There are several notable differences between Romano Cheese vs Parmesan, and one of them is the type of milk used for making the cheese. These cheeses are made from different types of milk.

Romano Cheese, according to the US Food and Drug Administration as noted by Wikipedia,may be made from sheep’s milk, goat’s milk, or cow’s milk. Furthermore, the milk should contain at least 38% milkfat and less than 34% water. Hence, producers often add or remove dry milk, skim milk, cream, and water in order to correct the milkfat level.

The milk may be bleached, but vitamin A must be added after the treatment. Artificial blue or green coloring may be used to counter the yellowing of the milk. Rennet is not mandatory. Any milk-clotting enzyme may be used for making the curd. Finally, the resulting curd is processed and aged. Romano Cheese must be aged for at least five months.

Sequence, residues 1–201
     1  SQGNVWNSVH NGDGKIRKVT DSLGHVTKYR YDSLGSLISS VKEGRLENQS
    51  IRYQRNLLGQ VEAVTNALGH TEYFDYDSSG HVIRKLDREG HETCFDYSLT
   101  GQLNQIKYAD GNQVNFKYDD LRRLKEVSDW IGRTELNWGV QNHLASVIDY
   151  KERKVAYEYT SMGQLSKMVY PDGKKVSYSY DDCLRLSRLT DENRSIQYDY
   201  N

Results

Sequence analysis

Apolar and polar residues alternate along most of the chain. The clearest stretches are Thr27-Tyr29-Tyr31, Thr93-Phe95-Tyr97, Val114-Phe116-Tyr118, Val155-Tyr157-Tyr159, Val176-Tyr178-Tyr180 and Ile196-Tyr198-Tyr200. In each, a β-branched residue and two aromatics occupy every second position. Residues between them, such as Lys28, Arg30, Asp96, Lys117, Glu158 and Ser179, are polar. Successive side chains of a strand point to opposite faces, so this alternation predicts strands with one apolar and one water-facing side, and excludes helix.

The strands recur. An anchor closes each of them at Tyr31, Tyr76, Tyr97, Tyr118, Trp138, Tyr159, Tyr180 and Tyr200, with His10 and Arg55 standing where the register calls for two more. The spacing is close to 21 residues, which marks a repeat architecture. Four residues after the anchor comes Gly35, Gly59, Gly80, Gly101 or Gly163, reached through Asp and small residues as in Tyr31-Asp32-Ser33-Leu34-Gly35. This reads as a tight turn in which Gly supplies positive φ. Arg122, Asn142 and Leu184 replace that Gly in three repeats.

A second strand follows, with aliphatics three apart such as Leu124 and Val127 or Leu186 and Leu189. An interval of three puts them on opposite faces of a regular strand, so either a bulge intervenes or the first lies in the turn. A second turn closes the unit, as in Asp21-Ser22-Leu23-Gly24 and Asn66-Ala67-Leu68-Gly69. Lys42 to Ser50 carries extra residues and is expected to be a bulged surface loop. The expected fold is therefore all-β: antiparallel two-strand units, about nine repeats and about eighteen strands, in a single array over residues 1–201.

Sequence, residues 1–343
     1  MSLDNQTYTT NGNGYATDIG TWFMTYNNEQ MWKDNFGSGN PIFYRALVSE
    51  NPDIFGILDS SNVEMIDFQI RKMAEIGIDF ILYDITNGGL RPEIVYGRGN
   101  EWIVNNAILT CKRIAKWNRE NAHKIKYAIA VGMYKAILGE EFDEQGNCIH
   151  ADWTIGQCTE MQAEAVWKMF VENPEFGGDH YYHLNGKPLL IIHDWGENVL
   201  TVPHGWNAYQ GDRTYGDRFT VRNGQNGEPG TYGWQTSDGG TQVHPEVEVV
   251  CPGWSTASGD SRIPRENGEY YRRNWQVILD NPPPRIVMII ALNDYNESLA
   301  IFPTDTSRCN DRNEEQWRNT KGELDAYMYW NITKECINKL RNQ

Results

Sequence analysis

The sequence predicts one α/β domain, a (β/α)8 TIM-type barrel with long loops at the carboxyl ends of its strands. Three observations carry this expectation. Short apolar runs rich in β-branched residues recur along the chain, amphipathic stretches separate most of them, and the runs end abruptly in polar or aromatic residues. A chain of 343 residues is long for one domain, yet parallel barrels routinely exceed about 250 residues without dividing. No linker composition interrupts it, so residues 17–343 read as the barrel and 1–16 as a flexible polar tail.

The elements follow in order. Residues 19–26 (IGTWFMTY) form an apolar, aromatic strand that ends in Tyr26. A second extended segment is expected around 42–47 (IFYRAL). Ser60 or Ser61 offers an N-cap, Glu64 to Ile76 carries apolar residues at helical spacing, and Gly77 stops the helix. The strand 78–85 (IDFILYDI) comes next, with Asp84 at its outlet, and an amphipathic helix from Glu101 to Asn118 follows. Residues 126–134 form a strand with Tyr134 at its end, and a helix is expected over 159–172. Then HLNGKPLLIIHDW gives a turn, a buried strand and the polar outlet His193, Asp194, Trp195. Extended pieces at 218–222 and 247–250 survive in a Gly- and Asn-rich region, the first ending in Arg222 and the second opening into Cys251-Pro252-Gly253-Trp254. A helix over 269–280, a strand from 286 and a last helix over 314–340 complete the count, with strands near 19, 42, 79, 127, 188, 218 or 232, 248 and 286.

Parmesan should be made from unpasteurized cow’s milk. The cows are milked twice a day, once in the morning and once in the evening. The whole milk from the morning is then mixed with the skimmed milk from the previous evening to create a part skim mixture. Then, the starter whey is added, followed by the calf rennet.

The resulting curd is then mechanically processed into wheels, and finally the aging process takes place. Parmesan is usually aged for one or two years. The longer the aging, the stronger the flavor will be.

Color and Texture
Romano Cheese has a white creamy color. However, the color is not even across the surface. Some parts may be darker than the others. It is not very yellow because either the milk was bleached during the processing or the use of coloring.

Read also:  Penne vs Rigatoni